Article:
Pursuant to the stipulated order, the individual defendants submitted over 400 search terms, which covered approximately 660,000 documents.  OFHEO objected on the grounds that the stipulated order limited the individual defendants to "appropriate search terms," not a list that was "tantamount to a request for the dictionary."  The District Court disagreed, and ruled that the stipulated order gave the individual defendants sole discretion to specify search terms and imposed no limits on permissible terms.

OFHEO undertook extensive efforts to comply with the request, hiring 50 contract attorneys solely for that purpose, and spending over $6 million dollars.  OFHEO moved for and received two extensions, but failed to meet the deadline.  The individual defendants renewed their motions for contempt, and the district court granted them, finding that the OFHEO's efforts at compliance were "too little, too late."  As a sanction, the court ordered production of all documents withheld on the basis of the qualified deliberative process privilege and not logged by the January 4, 2008 deadline.

After a thorough analysis of the language in the order, the Court of Appeals upheld the district court's ruling, holding that "whatever ...ambiguities may lurk in the stipulated order, it unambiguously requires OFHEO to process the search terms the individual defendants specify."  Id. at 821.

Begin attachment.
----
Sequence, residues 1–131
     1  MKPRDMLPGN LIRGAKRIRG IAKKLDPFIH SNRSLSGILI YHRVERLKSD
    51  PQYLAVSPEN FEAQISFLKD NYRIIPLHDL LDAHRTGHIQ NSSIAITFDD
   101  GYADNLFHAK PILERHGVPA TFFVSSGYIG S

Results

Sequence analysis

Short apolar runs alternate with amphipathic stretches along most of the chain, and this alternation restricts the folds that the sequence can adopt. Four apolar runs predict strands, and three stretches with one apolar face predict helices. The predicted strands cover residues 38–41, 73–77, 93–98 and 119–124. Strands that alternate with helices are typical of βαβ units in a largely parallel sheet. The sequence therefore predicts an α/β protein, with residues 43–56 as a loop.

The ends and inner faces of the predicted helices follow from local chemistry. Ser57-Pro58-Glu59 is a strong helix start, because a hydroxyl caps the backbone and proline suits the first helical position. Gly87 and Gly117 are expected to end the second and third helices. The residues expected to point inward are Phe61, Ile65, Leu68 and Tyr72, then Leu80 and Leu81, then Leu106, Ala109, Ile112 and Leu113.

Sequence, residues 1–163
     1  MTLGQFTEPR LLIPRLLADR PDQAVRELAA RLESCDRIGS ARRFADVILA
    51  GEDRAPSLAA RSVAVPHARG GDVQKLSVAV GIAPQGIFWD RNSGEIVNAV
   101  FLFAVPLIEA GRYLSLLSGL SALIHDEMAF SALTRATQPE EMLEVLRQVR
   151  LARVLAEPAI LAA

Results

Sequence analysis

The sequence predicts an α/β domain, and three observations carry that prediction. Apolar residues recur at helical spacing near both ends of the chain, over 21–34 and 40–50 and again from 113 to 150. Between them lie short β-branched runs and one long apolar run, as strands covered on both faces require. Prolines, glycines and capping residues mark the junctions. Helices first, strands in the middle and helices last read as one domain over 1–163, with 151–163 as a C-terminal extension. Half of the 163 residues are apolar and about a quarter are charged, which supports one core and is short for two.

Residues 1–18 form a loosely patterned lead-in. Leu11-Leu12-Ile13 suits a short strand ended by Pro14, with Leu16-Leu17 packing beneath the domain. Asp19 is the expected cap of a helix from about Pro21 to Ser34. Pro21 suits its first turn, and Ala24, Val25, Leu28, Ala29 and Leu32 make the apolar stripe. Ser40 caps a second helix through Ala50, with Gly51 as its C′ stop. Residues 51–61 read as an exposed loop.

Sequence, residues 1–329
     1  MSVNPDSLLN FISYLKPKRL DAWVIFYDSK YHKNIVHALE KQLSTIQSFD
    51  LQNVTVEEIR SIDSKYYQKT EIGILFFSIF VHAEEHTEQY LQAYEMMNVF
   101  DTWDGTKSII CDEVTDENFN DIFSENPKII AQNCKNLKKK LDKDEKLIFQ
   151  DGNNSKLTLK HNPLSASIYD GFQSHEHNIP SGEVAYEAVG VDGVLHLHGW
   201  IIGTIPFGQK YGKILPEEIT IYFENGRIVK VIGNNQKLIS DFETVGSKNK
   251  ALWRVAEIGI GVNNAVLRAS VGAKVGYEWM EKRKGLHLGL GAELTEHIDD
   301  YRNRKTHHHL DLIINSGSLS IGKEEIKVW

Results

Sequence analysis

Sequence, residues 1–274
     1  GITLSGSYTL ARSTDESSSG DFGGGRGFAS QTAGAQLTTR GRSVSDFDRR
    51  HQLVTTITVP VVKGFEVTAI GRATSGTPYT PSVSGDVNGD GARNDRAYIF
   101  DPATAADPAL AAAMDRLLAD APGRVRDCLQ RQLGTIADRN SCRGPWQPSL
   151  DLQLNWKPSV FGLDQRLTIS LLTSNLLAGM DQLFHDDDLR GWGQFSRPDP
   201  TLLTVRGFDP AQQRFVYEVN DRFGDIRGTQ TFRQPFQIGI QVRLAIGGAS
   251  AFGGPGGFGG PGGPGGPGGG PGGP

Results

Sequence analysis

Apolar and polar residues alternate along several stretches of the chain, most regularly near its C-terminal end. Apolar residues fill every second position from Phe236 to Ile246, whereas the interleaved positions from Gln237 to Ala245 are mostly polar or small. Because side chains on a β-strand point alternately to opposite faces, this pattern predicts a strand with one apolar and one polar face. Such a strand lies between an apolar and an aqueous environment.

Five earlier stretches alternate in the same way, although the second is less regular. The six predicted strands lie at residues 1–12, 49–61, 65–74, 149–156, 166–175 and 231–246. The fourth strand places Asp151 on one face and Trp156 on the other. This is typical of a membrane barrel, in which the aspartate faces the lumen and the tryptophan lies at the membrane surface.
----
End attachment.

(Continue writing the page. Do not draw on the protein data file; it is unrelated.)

The OFHEO made another challenge: that it substantially complied with the stipulated order in good faith, and that contempt was therefore inappropriate.  The Court of Appeals recognized that if its was deciding the matter in the first instance, it might not have held OFHEO in contempt.  However, because the review was for abuse of discretion, and the Court found that the OFHEO provided no basis for concluding that the district court abused its discretion in finding OFHEO in contempt.

What are the expensive lessons learned?

  • Hire knowledgeable counsel upfront to deal with the issues inherent in producing ESI.  Cleaning up a mess later is much more expensive.  You need counsel who understand the nuances involved, the technical issues and the potential expense associated with preserving, collecting, reviewing and producing ESI.